Dick Clark, in full Richard Wagstaff Clark, (born November 30, 1929, Bronxville, New York, U.S.—died April 18, 2012, Santa Monica, California), American television personality and businessman, best known for hosting American Bandstand.
Clark was a disc jockey at the student-run radio station at Syracuse University (1951), and he worked at radio and television stations in Syracuse and Utica, New York, before moving in 1952 to WFIL radio in Philadelphia. In 1956 he took over as the host of Bandstand, a popular afternoon program on WFIL-TV on which teenagers danced to records. Largely through Clark’s initiative, Bandstand was picked up by ABC as American Bandstand for nationwide distribution, beginning on August 5, 1957. The program’s mix of lip-synched performances, interviews, and its famous “Rate-a-Record” segment captivated teenagers. Overnight, Clark became one of pop music’s most important tastemakers, as exposure on American Bandstand or his prime-time program, The Dick Clark Show, generated countless hits. Meanwhile, Clark’s business interests grew to include record companies, song publishing, and artist management. When the record industry’s payola scandal (involving payment in return for airplay) broke in 1959, Clark told a congressional committee that he was unaware that performers in whom he had a financial interest had received disproportionate play on his programs. He emerged from the investigation largely unscathed.
In 1963 American Bandstand moved to Saturdays and to Los Angeles, both to follow the shifting centre of the music industry and to allow Clark to broaden his involvement in television production. His Dick Clark Productions began presenting game shows, made-for-TV movies, and variety programs, most successfully The $25,000 Pyramid and TV’s Bloopers & Practical Jokes. Among the many awards programs the company produced was the American Music Awards, which Clark created. While Clark’s behind-the-scenes business acumen had much to do with the fortune he amassed, he was better remembered for the charming on-air personality and ageless look that allowed him to remain one of television’s most popular hosts and pitchmen, even after American Bandstand went off the air in 1989. At the turn of the 21st century, he remained a fixture on American television as the host of ABC’s New Year’s Rockin’ Eve. In 1960, during the congressional hearings on payola (money or gifts given by record labels to disc jockeys to air their records), it was revealed that Clark had part ownership of the labels as well as shares in local pressing plants and distribution companies that out-of-town independent labels were allegedly encouraged to use. Under Clark’s patronage several local singers of modest talent emerged as national stars—Frankie Avalon, Bobby Rydell, and Fabian—while a succession of banal dance records, including “The Twist” by Chubby Checker, became hits. There were talented Philadelphia-based musicians untainted by all this—notably John Coltrane, Earl Bostic, and Bill Doggett—but they all recorded elsewhere. It was not until the emergence of producer-songwriters Thom Bell, Kenny Gamble, and Leon Huff later in the 1960s and the tremendous success of Philadelphia International Records in the ’70s that the city could proudly claim its own sound.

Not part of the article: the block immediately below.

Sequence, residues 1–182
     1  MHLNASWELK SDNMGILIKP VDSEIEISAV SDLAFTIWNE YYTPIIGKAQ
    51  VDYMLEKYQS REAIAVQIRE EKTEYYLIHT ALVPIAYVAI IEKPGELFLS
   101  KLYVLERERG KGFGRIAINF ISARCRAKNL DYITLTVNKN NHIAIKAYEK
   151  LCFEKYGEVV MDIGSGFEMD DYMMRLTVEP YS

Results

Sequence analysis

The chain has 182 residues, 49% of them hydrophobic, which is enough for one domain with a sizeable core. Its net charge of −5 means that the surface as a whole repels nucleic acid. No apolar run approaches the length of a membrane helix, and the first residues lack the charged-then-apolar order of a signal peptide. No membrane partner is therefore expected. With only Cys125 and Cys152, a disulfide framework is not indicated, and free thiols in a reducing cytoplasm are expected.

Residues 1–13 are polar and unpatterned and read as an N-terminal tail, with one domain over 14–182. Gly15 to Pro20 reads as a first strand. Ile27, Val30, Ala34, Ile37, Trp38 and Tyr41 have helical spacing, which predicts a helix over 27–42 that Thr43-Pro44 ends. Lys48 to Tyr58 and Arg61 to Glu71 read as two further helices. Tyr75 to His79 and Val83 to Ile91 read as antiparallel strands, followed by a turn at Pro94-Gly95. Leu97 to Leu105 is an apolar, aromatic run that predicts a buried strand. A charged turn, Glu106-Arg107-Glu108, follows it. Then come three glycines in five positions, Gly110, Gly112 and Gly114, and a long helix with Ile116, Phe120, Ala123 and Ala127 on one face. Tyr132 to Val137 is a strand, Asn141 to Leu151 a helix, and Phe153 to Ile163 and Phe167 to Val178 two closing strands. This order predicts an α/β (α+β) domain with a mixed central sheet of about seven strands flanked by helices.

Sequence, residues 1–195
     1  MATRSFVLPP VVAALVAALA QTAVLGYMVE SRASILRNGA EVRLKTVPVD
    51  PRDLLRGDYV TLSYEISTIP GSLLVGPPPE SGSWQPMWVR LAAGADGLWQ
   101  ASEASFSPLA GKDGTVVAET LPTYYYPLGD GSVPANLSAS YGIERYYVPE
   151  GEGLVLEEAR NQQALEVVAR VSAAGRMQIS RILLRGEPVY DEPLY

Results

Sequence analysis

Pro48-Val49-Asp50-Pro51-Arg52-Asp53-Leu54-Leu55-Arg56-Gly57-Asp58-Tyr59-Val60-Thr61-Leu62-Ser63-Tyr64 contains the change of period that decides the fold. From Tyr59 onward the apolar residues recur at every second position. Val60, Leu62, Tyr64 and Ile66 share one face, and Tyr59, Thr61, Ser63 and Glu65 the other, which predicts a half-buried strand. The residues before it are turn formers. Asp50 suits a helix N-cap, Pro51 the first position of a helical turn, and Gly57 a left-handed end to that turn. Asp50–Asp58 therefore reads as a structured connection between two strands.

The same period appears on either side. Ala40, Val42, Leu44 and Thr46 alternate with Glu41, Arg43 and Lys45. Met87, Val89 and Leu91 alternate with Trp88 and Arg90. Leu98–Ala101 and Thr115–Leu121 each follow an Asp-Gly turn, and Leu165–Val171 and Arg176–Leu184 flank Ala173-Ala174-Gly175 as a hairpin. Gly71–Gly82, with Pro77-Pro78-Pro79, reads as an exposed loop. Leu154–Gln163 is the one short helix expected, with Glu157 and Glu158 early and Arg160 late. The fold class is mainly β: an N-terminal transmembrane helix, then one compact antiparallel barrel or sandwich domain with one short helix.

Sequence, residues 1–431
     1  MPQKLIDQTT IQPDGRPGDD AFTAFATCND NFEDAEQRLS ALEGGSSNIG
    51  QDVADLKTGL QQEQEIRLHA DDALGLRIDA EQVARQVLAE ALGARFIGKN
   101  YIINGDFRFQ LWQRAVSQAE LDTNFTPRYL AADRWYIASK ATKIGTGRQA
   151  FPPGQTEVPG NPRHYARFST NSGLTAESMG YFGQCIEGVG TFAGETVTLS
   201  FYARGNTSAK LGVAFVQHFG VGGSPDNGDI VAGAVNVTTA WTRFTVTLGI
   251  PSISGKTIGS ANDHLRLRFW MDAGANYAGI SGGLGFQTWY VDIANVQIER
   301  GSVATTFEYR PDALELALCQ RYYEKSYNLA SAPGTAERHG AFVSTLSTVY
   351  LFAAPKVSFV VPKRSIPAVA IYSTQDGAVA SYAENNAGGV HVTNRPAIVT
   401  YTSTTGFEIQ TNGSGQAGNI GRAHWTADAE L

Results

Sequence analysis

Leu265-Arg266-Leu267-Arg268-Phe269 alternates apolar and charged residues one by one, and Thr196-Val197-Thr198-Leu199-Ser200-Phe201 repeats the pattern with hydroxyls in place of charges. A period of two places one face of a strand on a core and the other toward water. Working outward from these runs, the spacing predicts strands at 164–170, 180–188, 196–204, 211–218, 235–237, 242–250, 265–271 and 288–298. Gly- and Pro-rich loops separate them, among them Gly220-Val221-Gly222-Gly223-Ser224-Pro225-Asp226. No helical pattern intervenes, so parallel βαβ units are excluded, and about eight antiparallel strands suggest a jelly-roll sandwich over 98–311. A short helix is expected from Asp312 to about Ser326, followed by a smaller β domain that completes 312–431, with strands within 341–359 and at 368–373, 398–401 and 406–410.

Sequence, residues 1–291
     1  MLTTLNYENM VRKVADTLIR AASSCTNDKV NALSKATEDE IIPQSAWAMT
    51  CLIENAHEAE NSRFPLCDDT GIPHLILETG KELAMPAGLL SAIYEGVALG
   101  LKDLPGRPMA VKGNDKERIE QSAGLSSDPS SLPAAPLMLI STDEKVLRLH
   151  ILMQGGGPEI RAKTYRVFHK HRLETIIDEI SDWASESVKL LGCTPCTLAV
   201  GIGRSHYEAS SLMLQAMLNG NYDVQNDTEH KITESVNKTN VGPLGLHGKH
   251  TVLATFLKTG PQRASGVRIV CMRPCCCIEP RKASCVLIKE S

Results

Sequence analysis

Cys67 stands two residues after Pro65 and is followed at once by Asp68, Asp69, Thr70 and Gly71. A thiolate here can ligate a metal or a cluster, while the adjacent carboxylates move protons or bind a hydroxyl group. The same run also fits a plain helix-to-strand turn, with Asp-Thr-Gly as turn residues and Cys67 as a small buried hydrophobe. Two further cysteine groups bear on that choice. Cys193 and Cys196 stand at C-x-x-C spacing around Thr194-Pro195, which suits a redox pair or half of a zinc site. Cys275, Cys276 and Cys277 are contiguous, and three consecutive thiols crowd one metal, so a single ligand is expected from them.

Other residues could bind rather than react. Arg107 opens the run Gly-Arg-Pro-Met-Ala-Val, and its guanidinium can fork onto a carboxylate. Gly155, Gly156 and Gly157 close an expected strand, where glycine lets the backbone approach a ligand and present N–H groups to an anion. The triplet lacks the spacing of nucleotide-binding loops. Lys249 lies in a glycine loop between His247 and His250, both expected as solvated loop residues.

Five decasdes after he began shaping the viewing and listening habits of music fans with American Bandstand, Clark, who was often called the “world’s oldest teenager,” continued to profit from the marriage of television and rock and roll, serving as the executive producer of American Dreams (2002–05), a nostalgic dramatic series set in the early 1960s. It focused on a family whose daughter dances on American Bandstand and featured vintage musical performances from the show. In 2007 Dick Clark Productions was sold to Daniel M. Snyder’s RedZone Capital in a $175 million deal.
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